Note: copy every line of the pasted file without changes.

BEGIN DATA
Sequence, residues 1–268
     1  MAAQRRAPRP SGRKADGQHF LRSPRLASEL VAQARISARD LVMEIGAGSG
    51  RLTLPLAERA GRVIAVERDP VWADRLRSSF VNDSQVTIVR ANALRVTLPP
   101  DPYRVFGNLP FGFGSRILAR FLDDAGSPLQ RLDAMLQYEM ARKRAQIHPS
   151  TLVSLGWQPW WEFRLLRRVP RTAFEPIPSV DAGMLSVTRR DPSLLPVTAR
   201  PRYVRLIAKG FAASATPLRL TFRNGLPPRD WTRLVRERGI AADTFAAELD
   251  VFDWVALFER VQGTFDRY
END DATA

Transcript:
Sequence, residues 1–268
     1  MAAQRRAPRP SGRKADGQHF LRSPRLASEL VAQARISARD LVMEIGAGSG
    51  RLTLPLAERA GRVIAVERDP VWADRLRSSF VNDSQVTIVR ANALRVTLPP
   101  DPYRVFGNLP FGFGSRILAR FLDDAGSPLQ RLDAMLQYEM ARKRAQIHPS
   151  TLVSLGWQPW WEFRLLRRVP RTAFEPIPSV DAGMLSVTRR DPSLLPVTAR
   201  PRYVRLIAKG FAASATPLRL TFRNGLPPRD WTRLVRERGI AADTFAAELD
   251  VFDWVALFER VQGTFDRY